Implementation went efficiently. “We had somebody on site for the first couple of shipments, so that smoothed it a lot,” says McDonald. “One thing they had to learn that’s very important in using our product, as well as any temperature-controlled shipping product, is that if you need the box at 5°C, the cargo needs to go in the box at that temperature.” The container is intended for use in maintaining temperature, and not for bringing product to a specific temperature. It will act as a refrigerator while plugged in, but when it’s in transit, cargo should be at the desired temperature to conserve battery life.
Faster packout, increased visibility
Where packouts once took up to 12 hours, “Now,our new active solution using a couple active pallet shippers set at two different temperatures [6.5°C +/- 0.5°C and -20°C +/- 0.5°C], allows us to complete our pickups with one person in under one hour. Further, we take up less space on the dock, and add a number of notable value adds,” says Nasseri.
Cold Box temperatures can be set remotely from -23°C up to 48°C, arriving preconditioned. The shippers are powered with rechargeable batteries and can manage most trips up to five days, depending on the cargo and ambient temperatures. The shippers Omni selected have additional batteries to offer more longevity in the heat.
Every Cold Box has a GPS monitor as well as a cell signal. “Every five minutes, our system sends out a signal and it has a stream of information including the temperature in the box, the ambient temperature and the battery status as well as the location. So we always know where the cargo is, and we know the condition of the cargo. Customers can access this information through a web-enabled program,” notes McDonald.
The Cold Box provides monitoring 24/7, and the system is alarmed so if issues come up—the box goes out of temperature range, the battery health is not good, or the box is opened—Cold Box gets an alarm that defines what the issue is. These alarms are customizable for each shipment depending on the customer’s needs. Compliance reports are also available at the conclusion of each trip.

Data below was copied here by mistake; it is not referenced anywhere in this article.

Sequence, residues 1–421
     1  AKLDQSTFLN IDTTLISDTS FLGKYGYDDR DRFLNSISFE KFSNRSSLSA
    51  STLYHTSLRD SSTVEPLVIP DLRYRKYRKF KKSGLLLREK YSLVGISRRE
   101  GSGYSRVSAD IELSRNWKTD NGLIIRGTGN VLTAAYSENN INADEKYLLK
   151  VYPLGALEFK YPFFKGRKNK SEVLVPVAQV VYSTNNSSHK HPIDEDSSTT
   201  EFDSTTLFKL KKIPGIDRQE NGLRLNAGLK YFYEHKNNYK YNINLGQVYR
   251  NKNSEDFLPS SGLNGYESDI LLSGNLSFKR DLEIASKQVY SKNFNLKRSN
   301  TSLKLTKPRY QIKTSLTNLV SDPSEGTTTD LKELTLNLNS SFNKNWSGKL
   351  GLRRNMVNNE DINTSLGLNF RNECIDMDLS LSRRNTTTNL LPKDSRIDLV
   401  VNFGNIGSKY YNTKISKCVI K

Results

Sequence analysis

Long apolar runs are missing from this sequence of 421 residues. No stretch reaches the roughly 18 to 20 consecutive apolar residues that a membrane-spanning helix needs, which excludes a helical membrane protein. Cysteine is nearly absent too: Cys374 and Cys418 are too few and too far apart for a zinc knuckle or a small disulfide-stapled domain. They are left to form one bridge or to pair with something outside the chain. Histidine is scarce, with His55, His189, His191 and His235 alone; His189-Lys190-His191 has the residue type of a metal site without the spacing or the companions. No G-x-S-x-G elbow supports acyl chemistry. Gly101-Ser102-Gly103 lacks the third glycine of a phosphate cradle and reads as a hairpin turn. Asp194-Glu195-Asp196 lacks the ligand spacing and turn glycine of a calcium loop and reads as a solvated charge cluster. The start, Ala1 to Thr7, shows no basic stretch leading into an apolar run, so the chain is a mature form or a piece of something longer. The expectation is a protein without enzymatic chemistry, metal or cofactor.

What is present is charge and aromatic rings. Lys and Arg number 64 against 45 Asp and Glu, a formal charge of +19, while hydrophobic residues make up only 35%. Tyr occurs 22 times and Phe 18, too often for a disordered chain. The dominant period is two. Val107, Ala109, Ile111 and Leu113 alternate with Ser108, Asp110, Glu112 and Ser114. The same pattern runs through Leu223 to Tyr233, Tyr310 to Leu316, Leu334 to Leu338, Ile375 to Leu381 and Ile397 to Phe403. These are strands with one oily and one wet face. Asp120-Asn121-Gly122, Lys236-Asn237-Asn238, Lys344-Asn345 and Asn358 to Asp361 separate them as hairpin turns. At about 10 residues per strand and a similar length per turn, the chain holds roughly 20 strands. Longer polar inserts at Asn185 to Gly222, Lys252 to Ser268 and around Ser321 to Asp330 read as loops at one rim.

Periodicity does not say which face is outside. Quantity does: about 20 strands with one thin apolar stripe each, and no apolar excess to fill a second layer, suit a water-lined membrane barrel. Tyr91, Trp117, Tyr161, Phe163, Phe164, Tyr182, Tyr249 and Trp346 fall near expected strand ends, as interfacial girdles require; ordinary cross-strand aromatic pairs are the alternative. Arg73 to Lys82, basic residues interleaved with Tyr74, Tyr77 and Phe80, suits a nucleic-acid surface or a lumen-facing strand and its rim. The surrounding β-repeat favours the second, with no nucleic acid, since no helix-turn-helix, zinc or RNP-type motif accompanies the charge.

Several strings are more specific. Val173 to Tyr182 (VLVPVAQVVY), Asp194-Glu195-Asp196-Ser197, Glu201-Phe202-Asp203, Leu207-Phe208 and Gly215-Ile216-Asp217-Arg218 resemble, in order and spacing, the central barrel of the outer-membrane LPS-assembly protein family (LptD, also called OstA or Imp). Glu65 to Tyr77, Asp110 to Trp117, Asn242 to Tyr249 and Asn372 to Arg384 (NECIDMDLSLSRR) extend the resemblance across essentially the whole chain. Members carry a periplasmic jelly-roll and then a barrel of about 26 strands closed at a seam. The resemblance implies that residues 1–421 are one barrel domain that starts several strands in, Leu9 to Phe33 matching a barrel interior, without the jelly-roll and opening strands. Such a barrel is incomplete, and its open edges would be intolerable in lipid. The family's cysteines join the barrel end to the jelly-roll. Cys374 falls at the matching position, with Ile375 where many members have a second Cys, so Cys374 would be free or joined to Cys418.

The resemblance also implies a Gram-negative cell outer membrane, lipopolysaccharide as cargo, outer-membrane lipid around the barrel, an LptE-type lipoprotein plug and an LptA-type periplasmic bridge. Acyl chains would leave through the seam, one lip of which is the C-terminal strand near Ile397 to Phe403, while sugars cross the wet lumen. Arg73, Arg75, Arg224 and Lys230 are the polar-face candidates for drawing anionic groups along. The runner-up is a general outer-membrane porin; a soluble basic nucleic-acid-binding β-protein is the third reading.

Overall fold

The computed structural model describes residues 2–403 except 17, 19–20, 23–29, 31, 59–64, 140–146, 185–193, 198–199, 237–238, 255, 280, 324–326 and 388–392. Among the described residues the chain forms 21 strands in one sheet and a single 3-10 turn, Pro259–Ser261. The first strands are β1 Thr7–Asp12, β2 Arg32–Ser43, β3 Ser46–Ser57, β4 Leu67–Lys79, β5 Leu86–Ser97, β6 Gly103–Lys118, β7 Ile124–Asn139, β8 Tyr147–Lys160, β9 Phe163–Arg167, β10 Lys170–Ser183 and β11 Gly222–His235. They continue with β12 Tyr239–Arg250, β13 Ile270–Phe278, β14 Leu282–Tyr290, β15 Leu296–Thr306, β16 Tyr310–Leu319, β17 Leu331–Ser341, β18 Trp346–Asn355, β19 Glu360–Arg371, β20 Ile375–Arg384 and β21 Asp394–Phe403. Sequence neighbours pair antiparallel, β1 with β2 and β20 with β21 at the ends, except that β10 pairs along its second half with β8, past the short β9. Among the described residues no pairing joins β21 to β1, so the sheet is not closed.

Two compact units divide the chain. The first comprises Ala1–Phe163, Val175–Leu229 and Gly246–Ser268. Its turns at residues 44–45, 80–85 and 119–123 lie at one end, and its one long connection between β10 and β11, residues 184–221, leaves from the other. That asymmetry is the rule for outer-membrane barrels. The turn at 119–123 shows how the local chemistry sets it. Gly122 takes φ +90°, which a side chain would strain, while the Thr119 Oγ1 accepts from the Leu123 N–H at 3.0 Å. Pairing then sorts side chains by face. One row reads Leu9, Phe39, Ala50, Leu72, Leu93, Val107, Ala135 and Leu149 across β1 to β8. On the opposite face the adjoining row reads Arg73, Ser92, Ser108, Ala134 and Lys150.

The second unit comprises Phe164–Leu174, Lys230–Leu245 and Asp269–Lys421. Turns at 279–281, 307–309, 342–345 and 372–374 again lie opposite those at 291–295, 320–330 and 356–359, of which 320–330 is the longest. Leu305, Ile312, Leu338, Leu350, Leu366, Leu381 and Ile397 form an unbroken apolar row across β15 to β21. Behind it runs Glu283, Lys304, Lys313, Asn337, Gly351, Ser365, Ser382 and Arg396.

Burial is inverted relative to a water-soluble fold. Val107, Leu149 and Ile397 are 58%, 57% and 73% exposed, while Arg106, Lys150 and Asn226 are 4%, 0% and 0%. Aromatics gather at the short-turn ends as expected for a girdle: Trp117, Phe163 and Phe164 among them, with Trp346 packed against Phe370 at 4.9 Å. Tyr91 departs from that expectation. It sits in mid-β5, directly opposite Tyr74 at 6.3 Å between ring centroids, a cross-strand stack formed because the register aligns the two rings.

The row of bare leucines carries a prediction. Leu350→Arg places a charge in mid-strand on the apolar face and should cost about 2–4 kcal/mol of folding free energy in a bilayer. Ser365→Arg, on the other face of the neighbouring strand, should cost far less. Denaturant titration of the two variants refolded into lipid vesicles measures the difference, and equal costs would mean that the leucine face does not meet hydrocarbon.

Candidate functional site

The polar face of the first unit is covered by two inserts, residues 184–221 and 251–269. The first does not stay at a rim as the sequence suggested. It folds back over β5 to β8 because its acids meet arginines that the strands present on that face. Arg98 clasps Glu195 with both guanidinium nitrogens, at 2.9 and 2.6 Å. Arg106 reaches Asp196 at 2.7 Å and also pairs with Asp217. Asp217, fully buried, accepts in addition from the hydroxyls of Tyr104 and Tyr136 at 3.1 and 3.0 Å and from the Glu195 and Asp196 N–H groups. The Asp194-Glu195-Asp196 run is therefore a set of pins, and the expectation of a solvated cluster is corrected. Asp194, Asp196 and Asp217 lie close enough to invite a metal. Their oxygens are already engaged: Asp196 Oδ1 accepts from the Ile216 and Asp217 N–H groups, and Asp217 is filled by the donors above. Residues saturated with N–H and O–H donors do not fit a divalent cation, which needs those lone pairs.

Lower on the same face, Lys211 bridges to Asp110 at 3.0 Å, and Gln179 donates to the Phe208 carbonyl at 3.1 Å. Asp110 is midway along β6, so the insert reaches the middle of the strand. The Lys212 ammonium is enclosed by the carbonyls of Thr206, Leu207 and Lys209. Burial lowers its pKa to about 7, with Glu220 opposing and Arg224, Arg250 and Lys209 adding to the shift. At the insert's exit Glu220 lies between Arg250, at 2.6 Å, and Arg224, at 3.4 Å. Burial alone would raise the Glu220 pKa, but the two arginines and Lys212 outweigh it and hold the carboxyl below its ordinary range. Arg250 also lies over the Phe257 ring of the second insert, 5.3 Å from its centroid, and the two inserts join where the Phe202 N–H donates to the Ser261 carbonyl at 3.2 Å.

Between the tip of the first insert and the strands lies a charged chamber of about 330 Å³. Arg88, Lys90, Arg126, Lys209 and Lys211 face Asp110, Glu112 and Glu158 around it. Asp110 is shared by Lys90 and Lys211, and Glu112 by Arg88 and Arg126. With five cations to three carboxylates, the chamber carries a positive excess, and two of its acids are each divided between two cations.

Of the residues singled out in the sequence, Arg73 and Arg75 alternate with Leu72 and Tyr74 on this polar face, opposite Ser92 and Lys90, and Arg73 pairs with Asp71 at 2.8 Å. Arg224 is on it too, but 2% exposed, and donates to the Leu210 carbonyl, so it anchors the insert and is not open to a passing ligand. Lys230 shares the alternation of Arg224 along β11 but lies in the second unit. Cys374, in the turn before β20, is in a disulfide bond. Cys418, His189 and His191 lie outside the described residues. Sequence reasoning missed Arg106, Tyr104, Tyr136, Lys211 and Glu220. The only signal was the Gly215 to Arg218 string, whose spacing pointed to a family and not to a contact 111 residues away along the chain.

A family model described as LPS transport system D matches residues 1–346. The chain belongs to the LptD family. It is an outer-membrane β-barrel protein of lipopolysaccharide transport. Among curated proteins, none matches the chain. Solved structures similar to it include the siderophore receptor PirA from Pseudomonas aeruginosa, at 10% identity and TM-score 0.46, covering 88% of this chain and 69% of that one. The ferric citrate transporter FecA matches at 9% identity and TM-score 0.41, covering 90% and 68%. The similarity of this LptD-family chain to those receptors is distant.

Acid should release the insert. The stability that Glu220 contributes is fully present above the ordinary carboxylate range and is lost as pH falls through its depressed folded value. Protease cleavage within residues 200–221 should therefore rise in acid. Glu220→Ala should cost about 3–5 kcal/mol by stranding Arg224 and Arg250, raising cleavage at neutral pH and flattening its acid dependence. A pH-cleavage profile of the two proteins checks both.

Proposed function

Cold Box aims to make the process user-friendly. The box has a control system with an HMI for input, which is set up for the customer before they see the box. Cell connectivity is two-way, so Cold Box can give the system commands and read what’s going on, for control throughout the trip.
For Omni, the system has given peace of mind. Says Nasseri, “For one thing, there is no temperature excursion of any kind with our new process. We load the active pallet shippers inside the walk-in reefer/freezer with the boxes set to the exact same temperature, so everything is kept very tight from a compliance standpoint.”
“No more worrying if there is enough dry ice to last a potential delay or that there might be too much and temperature could drop too low. Now we and our client both have direct virtually real-time access to payload temperature, battery levels, location, shock, humidity, and more from pickup to delivery plus a very slick report at the end of the trip summarizing everything. In the end, the Cold Box active refrigerated shipping model offered a significant overall cost savings along with improved control and visibility, so it’s really been well received by all involved in the process.”